Making A Game System

Premier kakosPremier kakos Registered User, ClubPA regular
edited September 2006 in Critical Failures
So, I'm working on my own little RPG setting and I want to use my own home rolled system, for a variety of reasons. Now, I'm not asking for a system that I should use or whatever, but I'm asking advice on what sorts of things I should think about when making a game mechanic system.

So, any suggestions on what kinds of things I need to pay attention in order to roll my own RPG system? Thanks.

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  • INeedNoSaltINeedNoSalt with blood on my teeth Registered User regular
    edited September 2006
    piecemeal armor

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  • Aroused BullAroused Bull Registered User
    edited September 2006
    I would suggest reading a whole bunch of different systems for inspiration and to steal any bits and pieces you like. To make sure you don't have any gaps in the rules, skim through the sourcebooks of a similar system and make sure that your system covers everything major in there.

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  • SageinaRageSageinaRage Registered User regular
    edited September 2006
    It depends a lot on the setting you're using, and how much you want the system to convey the tone, the mood, and the feel of it.

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  • Premier kakosPremier kakos Registered User, ClubPA regular
    edited September 2006
    Statistically, is there anything I need to look out for?

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  • RiemannLivesRiemannLives Registered User regular
    edited September 2006
    Statistically, is there anything I need to look out for?

    Two things immediately come to mind:

    1) Be very familiar with the math of die rolls. EG: Rolling multiple dice and adding the results always produces a bell curve. The more dice you roll the less likely it is to get an extreme value (eg: on the good ol' 2d6, the odds of getting a 2 or a 12 are 1/36 but the odds of getting a 7 are 1/6).

    2) Effects that make the game more random favor the monsters (bad guys, evil robots, Coalition, whatever) over the players in the long term. EG: Critical hits, insta-kills and especially critical failures tend to do the players far more harm than good in the long run.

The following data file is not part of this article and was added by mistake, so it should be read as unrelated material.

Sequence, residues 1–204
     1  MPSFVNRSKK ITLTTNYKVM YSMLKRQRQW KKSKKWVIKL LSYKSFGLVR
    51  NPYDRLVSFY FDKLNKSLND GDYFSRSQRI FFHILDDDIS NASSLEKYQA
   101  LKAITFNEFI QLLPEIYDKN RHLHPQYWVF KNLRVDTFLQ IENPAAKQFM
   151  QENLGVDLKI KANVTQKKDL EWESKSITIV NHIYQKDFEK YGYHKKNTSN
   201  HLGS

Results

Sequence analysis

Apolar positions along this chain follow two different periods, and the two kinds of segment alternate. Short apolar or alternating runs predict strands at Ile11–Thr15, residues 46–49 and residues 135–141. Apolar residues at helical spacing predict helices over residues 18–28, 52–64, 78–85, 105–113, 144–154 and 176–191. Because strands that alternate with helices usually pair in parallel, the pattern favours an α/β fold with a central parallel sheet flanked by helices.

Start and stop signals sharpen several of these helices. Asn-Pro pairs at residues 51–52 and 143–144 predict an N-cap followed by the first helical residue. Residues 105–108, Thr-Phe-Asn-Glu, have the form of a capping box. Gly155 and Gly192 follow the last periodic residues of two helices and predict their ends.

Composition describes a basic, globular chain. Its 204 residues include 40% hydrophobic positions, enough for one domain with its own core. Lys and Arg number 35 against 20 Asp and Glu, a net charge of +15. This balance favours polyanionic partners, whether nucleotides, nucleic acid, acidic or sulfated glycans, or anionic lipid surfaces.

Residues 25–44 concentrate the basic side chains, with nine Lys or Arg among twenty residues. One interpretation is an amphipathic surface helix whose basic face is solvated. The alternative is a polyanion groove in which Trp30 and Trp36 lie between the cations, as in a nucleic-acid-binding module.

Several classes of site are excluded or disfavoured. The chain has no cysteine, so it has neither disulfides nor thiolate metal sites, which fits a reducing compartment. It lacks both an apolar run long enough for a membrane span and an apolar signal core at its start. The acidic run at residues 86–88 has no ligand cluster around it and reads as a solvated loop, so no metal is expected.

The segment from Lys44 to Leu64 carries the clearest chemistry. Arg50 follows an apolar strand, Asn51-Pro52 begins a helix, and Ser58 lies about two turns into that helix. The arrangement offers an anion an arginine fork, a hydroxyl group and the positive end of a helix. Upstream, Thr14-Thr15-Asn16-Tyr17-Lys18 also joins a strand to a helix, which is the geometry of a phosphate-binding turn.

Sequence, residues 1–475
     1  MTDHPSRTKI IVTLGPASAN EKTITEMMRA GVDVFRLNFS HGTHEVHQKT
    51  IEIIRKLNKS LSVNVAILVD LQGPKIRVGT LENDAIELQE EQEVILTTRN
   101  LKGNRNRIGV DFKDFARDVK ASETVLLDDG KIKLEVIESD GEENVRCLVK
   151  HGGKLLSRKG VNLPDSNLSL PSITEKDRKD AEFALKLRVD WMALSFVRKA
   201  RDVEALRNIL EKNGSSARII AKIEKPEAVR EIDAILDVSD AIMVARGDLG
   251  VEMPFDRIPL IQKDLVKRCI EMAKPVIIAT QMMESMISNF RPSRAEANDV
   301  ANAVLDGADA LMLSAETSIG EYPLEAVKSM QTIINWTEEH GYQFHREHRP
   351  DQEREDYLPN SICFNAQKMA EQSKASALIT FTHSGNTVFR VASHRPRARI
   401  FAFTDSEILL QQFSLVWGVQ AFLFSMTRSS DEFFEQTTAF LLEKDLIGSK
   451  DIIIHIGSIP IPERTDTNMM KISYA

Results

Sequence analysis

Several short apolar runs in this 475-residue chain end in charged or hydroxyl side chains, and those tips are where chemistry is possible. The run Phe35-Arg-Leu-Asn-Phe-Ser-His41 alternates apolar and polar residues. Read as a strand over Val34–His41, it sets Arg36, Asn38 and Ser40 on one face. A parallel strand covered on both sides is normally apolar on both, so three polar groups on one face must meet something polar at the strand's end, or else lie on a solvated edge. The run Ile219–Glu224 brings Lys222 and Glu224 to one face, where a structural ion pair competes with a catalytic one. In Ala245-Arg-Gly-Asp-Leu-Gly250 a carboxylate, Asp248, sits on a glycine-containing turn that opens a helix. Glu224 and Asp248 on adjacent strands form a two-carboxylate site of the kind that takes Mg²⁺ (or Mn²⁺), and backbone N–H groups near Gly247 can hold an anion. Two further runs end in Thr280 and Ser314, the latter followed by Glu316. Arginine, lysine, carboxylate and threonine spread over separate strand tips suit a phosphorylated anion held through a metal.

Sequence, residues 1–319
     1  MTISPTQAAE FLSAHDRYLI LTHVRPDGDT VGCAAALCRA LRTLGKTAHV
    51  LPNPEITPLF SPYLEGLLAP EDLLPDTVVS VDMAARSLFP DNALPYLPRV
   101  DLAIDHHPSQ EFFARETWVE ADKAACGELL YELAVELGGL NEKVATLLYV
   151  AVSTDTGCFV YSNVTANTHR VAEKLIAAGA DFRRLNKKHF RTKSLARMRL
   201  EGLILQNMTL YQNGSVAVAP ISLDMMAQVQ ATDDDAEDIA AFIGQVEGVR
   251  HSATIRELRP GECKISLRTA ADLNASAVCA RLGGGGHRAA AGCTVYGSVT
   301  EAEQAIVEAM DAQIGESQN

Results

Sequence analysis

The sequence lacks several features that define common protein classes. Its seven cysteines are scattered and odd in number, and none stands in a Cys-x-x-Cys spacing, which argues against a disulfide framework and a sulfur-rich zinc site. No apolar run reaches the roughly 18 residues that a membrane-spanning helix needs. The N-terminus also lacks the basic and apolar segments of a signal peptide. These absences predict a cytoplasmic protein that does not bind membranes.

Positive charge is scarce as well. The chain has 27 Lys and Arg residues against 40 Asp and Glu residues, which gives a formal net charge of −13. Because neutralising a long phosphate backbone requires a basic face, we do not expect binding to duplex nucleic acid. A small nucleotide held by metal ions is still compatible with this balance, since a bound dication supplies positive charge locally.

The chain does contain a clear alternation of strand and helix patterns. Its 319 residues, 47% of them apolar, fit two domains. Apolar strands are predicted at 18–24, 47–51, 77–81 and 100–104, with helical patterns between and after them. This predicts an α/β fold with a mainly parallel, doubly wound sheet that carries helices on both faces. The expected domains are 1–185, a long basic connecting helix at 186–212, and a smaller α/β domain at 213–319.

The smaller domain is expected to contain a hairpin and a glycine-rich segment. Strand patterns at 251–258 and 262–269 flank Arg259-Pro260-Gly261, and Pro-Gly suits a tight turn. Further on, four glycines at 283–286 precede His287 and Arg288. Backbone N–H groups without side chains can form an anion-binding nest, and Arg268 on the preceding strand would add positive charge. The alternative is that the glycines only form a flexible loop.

If you game is set in a fantasy setting, I would suggest reading the 3.5 D&D Dungeon Master's Guide. Obviously you don't want something exactly like D&D or you would be playing that but the book has a lot of info about why the rules are how they are. Also a lot of good suggestions and ideas for any fantasy system.

    If you can find a copy also read through the rulebook for Middle Earth Roleplaying (look in used bookstores, if you are in Seattle the Half Price Books on Rosevelt in the U District probably has one). It is a conversion of the Rolemaster system and is a great example of very deadly combat with lots of crits and so forth. If you want a system where even very high level characters think twice before engaging in combat with anything this is a good example. It so happens it fits the fiction for Lord of the Rings very well and all the books are very good.

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  • laughingfuzzballlaughingfuzzball Registered User regular
    edited September 2006
    First, address why you want to make your own system. What are your goals? Why don't other systems address these goals? In what ways can you address them? Why do you want to address them?

    Find every RPG you can that sounds like it might address any of your goals. If someone has a good concept, think about why that concept works. If someone has a crappy concept, think about why it doesn't work. The goal is more to understand the concepts behind what makes a good roleplaying game, not to use the ideas themselves. Frankensystems don't work. It's also a good idea to read reviews of these systems to see what others think.

    Read every article at http://www.indie-rpgs.com/articles/, and lurk and ask questions at http://www.indie-rpgs.com/forum/. They're helpful folk with lots of good ideas on every thing from the vaguest theory, to stat plotting, to publishing. This will probably help you adress your goals further, and will definately expose you to more systems. Don't ignore the theory bits. A game without a strong basis in theory will tend to have an unclear creative agenda and lack in depth.

    The most important thing about statistics (assuming you're using dice) is how random (rolled), set (character stats), and variable (anything else that varies in a non-random fashion) inter-relate in your system. You don't have to crunch a whole lot of numbers, but have a very firm grasp on the trends. Will a 'low powered' character tend to be incredibly random, while a 'high-powered' one will be certain? Vice versa? Do outside influences alter how random a roll is, or just randomness in relation to total values?

    Once you get a first draft drawn up, playtest it constantly. Once you've played through it and picked it apart enough that you begin to despise it and everything associated with it, you're nearly done with that phase. If you're ever completely happy with it, you aren't trying hard enough. The goal here is to completely destroy everything you wanted the game to be by following the draft you've written. If you're heading in the right direction, it will get harder to break creative agendas, easier to follow them, and will generally be more satisfying. A good rule is one that does what it is meant to or things it wasn't meant to that agree with the creation goals.

    Finally, don't be afraid to do something new. If you're just creating another manilla system, you're wasting your time. They're out there, they all suck, and yours will too.

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